Saturday

28th May 2022

Election means three-party German government likely

  • SDP leader Olaf Scholz said he had a clear mandate to form a government, having emerged in first place - although with only 25.7 percent of the vote (Photo: Council of the European Union)
Listen to article

Germany seemed to have caught up with the rest of Europe: fragmented political landscape after the elections, month-long coalition negotiations in the making, and the two biggest parties losing their outright dominance on the political stage.

Sunday's race to succeed chancellor Angela Merkel failed to produce a clear winner, with Olaf Scholz's centre-left Social Democrats (SDP) barely beating Armin Laschet's centre-right Christian Democratic (CDU/CSU) alliance, but with both only getting around a quarter of the votes.

Read and decide

Join EUobserver today

Become an expert on Europe

Get instant access to all articles — and 20 years of archives. 14-day free trial.

... or subscribe as a group

The two main rivals both have said they will try to head the next government. But the splintered election result means that either will need both the Greens and the liberal Free Democrats to form a majority.

The Greens have traditionally been more aligned with the SPD, while liberal leader Christian Lindner had previously said he preferred a coalition with the conservatives.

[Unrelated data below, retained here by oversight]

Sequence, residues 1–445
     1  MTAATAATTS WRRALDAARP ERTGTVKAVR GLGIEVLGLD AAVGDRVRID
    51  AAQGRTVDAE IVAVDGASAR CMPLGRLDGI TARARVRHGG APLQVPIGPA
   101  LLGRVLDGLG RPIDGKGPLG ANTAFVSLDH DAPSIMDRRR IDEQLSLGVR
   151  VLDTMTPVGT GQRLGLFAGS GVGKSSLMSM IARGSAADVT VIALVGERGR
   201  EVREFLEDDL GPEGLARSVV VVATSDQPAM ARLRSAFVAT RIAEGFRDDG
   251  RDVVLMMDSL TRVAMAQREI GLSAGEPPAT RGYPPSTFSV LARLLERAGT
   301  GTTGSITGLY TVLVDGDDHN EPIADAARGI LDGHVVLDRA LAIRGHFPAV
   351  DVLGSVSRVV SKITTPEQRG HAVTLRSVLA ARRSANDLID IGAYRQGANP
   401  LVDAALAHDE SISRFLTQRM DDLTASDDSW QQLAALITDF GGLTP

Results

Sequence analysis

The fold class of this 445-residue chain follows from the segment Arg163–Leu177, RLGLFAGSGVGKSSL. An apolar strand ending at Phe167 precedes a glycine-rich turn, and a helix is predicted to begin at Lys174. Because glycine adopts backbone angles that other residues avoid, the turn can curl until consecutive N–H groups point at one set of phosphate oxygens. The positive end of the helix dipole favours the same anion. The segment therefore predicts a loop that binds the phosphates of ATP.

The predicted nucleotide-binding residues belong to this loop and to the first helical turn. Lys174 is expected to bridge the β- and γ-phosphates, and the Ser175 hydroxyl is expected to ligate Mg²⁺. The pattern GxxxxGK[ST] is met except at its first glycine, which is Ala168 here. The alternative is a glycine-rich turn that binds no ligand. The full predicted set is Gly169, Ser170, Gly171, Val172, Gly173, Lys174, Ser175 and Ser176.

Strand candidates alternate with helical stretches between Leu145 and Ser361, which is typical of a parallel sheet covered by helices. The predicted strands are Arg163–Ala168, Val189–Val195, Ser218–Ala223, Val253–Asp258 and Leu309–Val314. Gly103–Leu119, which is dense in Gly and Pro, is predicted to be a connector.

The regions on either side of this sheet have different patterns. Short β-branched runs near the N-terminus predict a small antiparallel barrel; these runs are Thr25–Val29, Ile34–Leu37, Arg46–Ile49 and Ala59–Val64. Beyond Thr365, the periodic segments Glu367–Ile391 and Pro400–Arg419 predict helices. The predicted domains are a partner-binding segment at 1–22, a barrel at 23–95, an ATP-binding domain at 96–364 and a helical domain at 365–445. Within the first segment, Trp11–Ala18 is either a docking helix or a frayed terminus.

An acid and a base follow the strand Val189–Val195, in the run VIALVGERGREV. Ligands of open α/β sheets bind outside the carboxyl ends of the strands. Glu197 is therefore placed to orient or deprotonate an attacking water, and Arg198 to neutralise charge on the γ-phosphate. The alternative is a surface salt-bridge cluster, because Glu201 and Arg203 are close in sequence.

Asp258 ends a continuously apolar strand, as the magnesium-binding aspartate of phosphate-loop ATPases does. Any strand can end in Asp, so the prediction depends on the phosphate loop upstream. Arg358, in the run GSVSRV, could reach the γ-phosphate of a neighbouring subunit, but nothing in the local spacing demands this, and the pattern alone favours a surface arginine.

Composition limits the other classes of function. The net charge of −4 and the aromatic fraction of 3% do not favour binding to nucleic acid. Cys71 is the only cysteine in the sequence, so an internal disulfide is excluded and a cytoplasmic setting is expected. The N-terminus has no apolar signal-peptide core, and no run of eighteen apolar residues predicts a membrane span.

Both kingmaker parties are now keeping their options open, and Lindner suggested they should be talking to each other first and decide how to proceed.

"The German political system is gradually moving toward a system with more different parties, but not in a revolutionary way," Dr Katrin Böttger, director at the Berlin-based Institute for European Politics told EUobserver, adding this is a trend rather than an exception.

She noted that two "popular parties" remained the two largest factions in Bundestag, but that it also became clear that the far-right Alternative for Germany (AfD) is here to stay.

Böttger said all the parties are "constructively" looking for a government that will be likely be headed by Scholz.

This will be the first three-way coalition in Germany since the 1940s, she noted.

It will be a challenge for Lindner to team up with SPD, as his pro-business party vowed not to raise taxes and to restore limits on borrowing. Both would be tough demands for the Social Democrats and the Greens, both of which want to boost spending and tax the wealthy.

In 2017, it was Lindner who pulled the plug on a three-way coalition with Merkel's Christian Democrats and the Greens, but Böttger expected the FDP leader will want to avoid repeating the same scenario.

Böttger said it will come down to how the ministry portfolios will be distributed, and if party leaders can bring their members on board.

She said a plausible outcome could be that the Greens get the foreign ministry and the FDP get the finance minister post under a Scholz chancellory.

Unlike in other European parliamentary democracies, in Germany, it is not the head of state - currently president Frank-Walter Steinmeier, who hails from the SPD - who picks a designated leader, who then tries to form a coalition.

It is the parties themselves who will first attempt to come to an agreement.

Four years ago, Angela Merkel needed almost six months to bring together a grand coalition with the Social Democrats. In the end, the SDP did need a little nudging from Steinmeier to enter that coalition.

Meanwhile, if this time talks drag on beyond Christmas, Merkel will surpass Helmut Kohl to become Germany's longest-serving postwar chancellor.

Whats does it mean for EU?